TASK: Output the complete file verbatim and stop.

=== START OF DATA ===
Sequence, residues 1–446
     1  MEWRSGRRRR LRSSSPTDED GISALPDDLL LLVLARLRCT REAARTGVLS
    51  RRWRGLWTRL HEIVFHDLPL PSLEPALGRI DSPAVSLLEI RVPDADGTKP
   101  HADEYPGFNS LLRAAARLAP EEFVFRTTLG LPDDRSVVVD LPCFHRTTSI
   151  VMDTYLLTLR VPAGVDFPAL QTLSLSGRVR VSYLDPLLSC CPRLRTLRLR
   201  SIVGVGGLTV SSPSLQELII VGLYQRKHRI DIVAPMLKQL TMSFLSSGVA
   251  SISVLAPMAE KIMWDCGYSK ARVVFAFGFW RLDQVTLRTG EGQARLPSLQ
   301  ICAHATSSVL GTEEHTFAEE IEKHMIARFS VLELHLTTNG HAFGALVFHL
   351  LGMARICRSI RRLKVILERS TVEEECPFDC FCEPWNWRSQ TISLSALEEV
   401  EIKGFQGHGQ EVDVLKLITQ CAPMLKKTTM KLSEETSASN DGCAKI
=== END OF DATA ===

Sequence, residues 1–446
     1  MEWRSGRRRR LRSSSPTDED GISALPDDLL LLVLARLRCT REAARTGVLS
    51  RRWRGLWTRL HEIVFHDLPL PSLEPALGRI DSPAVSLLEI RVPDADGTKP
   101  HADEYPGFNS LLRAAARLAP EEFVFRTTLG LPDDRSVVVD LPCFHRTTSI
   151  VMDTYLLTLR VPAGVDFPAL QTLSLSGRVR VSYLDPLLSC CPRLRTLRLR
   201  SIVGVGGLTV SSPSLQELII VGLYQRKHRI DIVAPMLKQL TMSFLSSGVA
   251  SISVLAPMAE KIMWDCGYSK ARVVFAFGFW RLDQVTLRTG EGQARLPSLQ
   301  ICAHATSSVL GTEEHTFAEE IEKHMIARFS VLELHLTTNG HAFGALVFHL
   351  LGMARICRSI RRLKVILERS TVEEECPFDC FCEPWNWRSQ TISLSALEEV
   401  EIKGFQGHGQ EVDVLKLITQ CAPMLKKTTM KLSEETSASN DGCAKI